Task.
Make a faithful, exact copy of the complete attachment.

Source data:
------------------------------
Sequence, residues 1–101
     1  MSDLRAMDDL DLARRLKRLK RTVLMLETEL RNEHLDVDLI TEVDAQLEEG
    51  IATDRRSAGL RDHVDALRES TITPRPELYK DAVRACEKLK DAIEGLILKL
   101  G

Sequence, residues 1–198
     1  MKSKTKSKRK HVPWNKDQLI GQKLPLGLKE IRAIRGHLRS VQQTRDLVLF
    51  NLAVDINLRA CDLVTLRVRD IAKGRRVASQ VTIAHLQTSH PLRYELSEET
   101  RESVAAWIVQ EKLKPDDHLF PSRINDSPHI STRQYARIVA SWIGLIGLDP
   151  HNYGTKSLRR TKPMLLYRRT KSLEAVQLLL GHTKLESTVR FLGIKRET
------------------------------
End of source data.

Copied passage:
Sequence, residues 1–101
     1  MSDLRAMDDL DLARRLKRLK RTVLMLETEL RNEHLDVDLI TEVDAQLEEG
    51  IATDRRSAGL RDHVDALRES TITPRPELYK DAVRACEKLK DAIEGLILKL
   101  G

Sequence, residues 1–198
     1  MKSKTKSKRK HVPWNKDQLI GQKLPLGLKE IRAIRGHLRS VQQTRDLVLF
    51  NLAVDINLRA CDLVTLRVRD IAKGRRVASQ VTIAHLQTSH PLRYELSEET
   101  RESVAAWIVQ EKLKPDDHLF PSRINDSPHI STRQYARIVA SWIGLIGLDP
   151  HNYGTKSLRR TKPMLLYRRT KSLEAVQLLL GHTKLESTVR FLGIKRET